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Mamoru Fujieda’s Hybrid Approach to Composing for Koto and When I Think of the Crab Fields… 蟹原楽を考えたら。。。(Kanibarugaku wo kangaetara…) an Original Composition for Traditional Japanese Instruments and Voice

Tipp, Devon Osamu (2023) Mamoru Fujieda’s Hybrid Approach to Composing for Koto and When I Think of the Crab Fields… 蟹原楽を考えたら。。。(Kanibarugaku wo kangaetara…) an Original Composition for Traditional Japanese Instruments and Voice. Doctoral Dissertation, University of Pittsburgh. (Unpublished)

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Mamoru Fujieda (b. 1955) has carved out an intercultural musical world that encompasses his artistic language. Fujieda’s work is informed by electrical activity emitted from plants and its translation into sound, American experimental minimalism and microtonality, Gamelan, and traditional Japanese musics. Drawing on research by Indonesian, American, and Japanese scholars, my dissertation analyzes the Third Collection “Koto-Gamelan Set” (1996; KGS) from his ongoing Patterns of Plants (1995-present) for three kotos.

KGS is inspired by La Monte Young’s Well-Tuned Piano. Using Young’s tuning schema, Fujieda employs a unique musical scale that approximates gamelan tunings. This is done in the same spirit as many American composers of the 1970s who appropriated gamelan as a means of self-expression focusing on tunings to the neglect of other facets of Indonesian music. This is part of an American/East Asian cultural feedback loop that has reached such a level of sophistication that the loop has become a cultural phenomenon with its own language, values, and style. As such, Fujieda’s work demands an intercultural analytical framework; frameworks of conventional Western musical analysis are insufficient.

Despite Fujieda’s claim “[KGS] has nothing to do with the style… of gamelan directly,” (Fujieda 2021) this work is constructed from reimaginations of Japanese, Indonesian, and American musics and should be analyzed from these vantage points. I first compare Young’s Well-Tuned Piano, median Indonesian slendro and pelog scales, traditional Japanese scales, and KGS’ tunings. I then compare typical forms of gamelan degung and slendro works, and Japanese music with Fujieda’s to show how he draws from each source. I then show that Fujieda uses end-weighted structural chords that function similarly to gongs used in gamelan music, ultimately creating structures that resemble the cyclicity of gamelan and gagaku compositions.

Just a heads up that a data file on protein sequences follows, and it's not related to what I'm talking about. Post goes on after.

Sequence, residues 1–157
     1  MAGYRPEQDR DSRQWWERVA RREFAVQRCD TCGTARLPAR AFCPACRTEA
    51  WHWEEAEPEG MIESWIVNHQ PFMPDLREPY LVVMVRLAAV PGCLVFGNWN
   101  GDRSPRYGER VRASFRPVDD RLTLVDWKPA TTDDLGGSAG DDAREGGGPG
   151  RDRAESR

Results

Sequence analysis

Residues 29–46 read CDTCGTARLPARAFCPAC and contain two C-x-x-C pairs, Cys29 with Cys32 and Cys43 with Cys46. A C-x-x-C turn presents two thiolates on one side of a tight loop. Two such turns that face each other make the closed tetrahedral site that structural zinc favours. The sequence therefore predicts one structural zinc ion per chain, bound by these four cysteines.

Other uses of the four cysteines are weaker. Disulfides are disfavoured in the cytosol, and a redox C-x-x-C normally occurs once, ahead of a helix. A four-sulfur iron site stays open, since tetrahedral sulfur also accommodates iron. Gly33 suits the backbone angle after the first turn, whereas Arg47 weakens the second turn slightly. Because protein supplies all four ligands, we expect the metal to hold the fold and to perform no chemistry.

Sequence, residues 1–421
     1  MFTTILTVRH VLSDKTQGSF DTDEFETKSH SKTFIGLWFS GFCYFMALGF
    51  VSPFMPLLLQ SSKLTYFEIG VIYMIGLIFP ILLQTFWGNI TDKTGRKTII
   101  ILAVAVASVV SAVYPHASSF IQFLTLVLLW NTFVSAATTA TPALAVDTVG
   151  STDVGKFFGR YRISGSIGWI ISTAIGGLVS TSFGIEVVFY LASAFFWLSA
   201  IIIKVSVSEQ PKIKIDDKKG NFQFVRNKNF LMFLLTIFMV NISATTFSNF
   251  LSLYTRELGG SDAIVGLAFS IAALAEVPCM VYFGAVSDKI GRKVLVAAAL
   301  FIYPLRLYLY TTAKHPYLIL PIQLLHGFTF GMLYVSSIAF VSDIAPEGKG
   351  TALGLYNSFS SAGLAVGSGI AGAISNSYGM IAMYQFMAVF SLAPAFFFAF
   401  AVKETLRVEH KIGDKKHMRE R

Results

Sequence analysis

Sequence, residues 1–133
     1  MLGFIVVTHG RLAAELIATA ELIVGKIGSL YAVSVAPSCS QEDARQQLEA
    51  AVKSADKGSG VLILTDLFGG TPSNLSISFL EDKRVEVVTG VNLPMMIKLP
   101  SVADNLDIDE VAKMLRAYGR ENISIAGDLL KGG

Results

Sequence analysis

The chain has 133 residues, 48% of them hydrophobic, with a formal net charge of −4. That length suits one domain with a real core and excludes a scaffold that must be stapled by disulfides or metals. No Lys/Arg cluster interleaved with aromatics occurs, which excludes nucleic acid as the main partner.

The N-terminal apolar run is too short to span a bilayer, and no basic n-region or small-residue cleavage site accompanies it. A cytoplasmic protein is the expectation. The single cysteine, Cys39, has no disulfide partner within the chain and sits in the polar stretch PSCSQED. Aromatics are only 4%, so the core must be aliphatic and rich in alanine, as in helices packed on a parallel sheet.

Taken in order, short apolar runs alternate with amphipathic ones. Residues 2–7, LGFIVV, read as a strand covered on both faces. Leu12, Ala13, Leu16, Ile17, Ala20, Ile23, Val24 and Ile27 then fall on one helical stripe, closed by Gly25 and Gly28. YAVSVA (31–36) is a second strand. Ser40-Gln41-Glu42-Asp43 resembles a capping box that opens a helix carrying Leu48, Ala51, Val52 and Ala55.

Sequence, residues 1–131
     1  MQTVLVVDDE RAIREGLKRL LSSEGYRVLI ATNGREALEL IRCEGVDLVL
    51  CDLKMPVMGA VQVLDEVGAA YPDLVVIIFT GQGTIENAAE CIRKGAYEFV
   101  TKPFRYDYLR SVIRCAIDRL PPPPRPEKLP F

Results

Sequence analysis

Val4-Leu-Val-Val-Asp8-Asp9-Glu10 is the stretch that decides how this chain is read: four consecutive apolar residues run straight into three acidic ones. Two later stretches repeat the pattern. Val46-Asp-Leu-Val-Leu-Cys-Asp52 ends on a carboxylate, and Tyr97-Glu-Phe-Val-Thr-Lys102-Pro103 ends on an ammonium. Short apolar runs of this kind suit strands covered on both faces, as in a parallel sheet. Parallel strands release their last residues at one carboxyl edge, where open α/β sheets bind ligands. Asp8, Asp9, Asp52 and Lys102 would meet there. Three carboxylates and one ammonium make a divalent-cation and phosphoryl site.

It is imperative to analyze musical works like KGS from angles that encompass non-Western modes of listening. Doing so creates greater artistic flexibility and forces musicians and scholars to rethink the concept of art music in the 21st century. Fujieda’s KGS represents a problematic but unique hybridized approach to writing for non-Western instruments that, despite issues of cultural borrowing and identity, remains worthy of analysis.


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Item Type: University of Pittsburgh ETD
Status: Unpublished
CreatorsEmailPitt UsernameORCID
Tipp, Devon Osamudot11@pitt.edudot11
ETD Committee:
TitleMemberEmail AddressPitt UsernameORCID
Committee CoChairRosenblum,
Committee CoChairMoe,
Committee MemberWilliams,
Committee MemberOyler,
Date: 11 May 2023
Date Type: Publication
Defense Date: 16 March 2023
Approval Date: 11 May 2023
Submission Date: 28 March 2023
Access Restriction: No restriction; Release the ETD for access worldwide immediately.
Number of Pages: 73
Institution: University of Pittsburgh
Schools and Programs: Dietrich School of Arts and Sciences > Music
Degree: PhD - Doctor of Philosophy
Thesis Type: Doctoral Dissertation
Refereed: Yes
Uncontrolled Keywords: koto, gamelan, intercultural music, just intonation, microtonality, jiuta, sokyoku, gagaku
Related URLs:
Date Deposited: 11 May 2023 11:21
Last Modified: 11 May 2023 11:21


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